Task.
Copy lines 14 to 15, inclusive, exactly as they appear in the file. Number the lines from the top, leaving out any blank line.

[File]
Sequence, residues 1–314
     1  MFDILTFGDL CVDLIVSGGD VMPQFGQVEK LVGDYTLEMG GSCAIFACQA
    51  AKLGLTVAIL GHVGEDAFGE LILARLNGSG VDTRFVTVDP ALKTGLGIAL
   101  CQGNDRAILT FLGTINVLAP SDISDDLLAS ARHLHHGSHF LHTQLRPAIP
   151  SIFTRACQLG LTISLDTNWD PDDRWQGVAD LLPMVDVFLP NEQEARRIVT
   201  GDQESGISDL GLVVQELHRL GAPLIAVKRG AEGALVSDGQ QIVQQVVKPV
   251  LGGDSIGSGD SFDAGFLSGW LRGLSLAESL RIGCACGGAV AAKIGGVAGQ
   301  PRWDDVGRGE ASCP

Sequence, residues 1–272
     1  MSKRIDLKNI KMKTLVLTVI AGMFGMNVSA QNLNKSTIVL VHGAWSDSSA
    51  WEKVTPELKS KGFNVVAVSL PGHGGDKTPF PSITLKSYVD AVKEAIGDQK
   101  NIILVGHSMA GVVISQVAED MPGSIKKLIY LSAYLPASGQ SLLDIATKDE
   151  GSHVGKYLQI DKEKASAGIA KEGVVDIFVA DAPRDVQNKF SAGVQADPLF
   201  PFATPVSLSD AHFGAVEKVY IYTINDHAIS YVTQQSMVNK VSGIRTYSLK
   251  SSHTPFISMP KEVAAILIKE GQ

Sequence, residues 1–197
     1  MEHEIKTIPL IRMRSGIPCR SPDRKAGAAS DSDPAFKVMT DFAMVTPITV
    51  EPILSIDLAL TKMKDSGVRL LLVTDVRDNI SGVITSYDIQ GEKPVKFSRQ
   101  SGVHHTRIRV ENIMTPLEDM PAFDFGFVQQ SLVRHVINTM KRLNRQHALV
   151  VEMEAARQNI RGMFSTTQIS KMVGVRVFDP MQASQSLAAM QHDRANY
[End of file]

   201  PFATPVSLSD AHFGAVEKVY IYTINDHAIS YVTQQSMVNK VSGIRTYSLK
   251  SSHTPFISMP KEVAAILIKE GQ